“We still do physical counts to confirm inventory, and record these quantities in our Bigcommerce backend. Once our inventory thresholds are met, we add those products to our production queue,” Rensing said.
Rensing outsources his QuickBooks accounting to an accountant.
While Rensing is aware QuickBooks can integrate with Bigcommerce’s backend, “by hiring a professional, I know it’s done right and in the fraction of the time.”
Rensing believes it has become increasingly more difficult to maximize social media platforms.
“Facebook, Twitter, and Pinterest are increasingly less effective. We see fewer impressions, likes, and shares — and less engagement with our fans,” Rensing said.
He now concentrates on Instagram, FoodGawker.com (a Pinterest-like site), and other food and recipe-sharing sites and blogs, which have led to some orders.
“If what we spend money on isn’t essential or doesn’t provide a return on investment, I cut it,” Rensing said.
“I also don’t accept the first price for anything. This helps keep our expenses in check.”
Rensing is committed to having 100 percent satisfied customers.
“If someone is unhappy, it affects me personally; I literally take customer service to heart,” Rensing said.
For example, in December 2014, The Smart Baker had closed for Christmas. Rensing received an urgent Facebook message from a local bakery seeking two sets of cupcake towers for a holiday wedding as the bakery’s rental sets hadn’t been returned.
“Although we were closed and I was in another state, within 20 minutes my parents had two cupcake towers ready for the bakery to pick up,” Rensing said.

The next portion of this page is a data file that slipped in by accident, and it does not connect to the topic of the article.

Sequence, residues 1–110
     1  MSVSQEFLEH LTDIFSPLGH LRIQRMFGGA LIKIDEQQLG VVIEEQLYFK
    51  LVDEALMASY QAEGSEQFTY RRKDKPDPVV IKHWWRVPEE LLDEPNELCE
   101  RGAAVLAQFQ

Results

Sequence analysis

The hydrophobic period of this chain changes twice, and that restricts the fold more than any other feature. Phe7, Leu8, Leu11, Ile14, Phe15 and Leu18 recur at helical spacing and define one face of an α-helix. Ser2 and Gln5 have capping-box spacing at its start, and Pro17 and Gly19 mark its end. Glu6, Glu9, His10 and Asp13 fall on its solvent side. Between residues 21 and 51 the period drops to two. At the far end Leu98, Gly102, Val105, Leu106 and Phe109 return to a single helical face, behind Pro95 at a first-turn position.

“The bride and groom will never know how they got their perfect wedding cupcake display.”
As for mistakes, Rensing cites handing over responsibility of The Smart Baker’s advertising and marketing — everything from product photography and press kits to product launches — to another company.
“We spent almost $30,000 in a few months, but they missed deadlines and had poor attention of detail; we were unable to complete many projects. It was a poor return on investment,” Rensing said.
To save money, he cut his AdWords spending and other online campaigns.
Also, Rensing regretted being too quick to say “yes” and not fully consider the consequences when he wasn’t completely retail-ready when Jo-Ann Fabric and Craft Stores approached The Smart Baker to stock its products. The lack of retail readiness caused Rensing tremendous stress with the short lead times and unexpected extra costs. He had to spend three to five times the price of customary ocean freight — switching to air freight — for his initial purchase order inventory, to ensure the product was on Jo-Ann Fabric’s shelves in time.
Rensing believes calculated risks can lead to better results and even bigger rewards.
On Shark Tank, Barbara Corcoran, a panelist-investor on the show, offered Rensing $75,000 for a 40 percent share of The Smart Baker, with a 5 percent royalty until her investment was paid back.
Rensing decided not to accept the deal because Corcoran wanted him to do large-scale distribution with Walmart, which he believed would dilute his brand and product quality.
“However, Jo-Ann Fabrics supported us. They took the time to explain how they operate, were quick to communicate and they have been transparent with their intentions with our products.,” Rensing said.
“We have about 500 [Jo-Ann] stores with our products and are excited to see where we will expand to next.”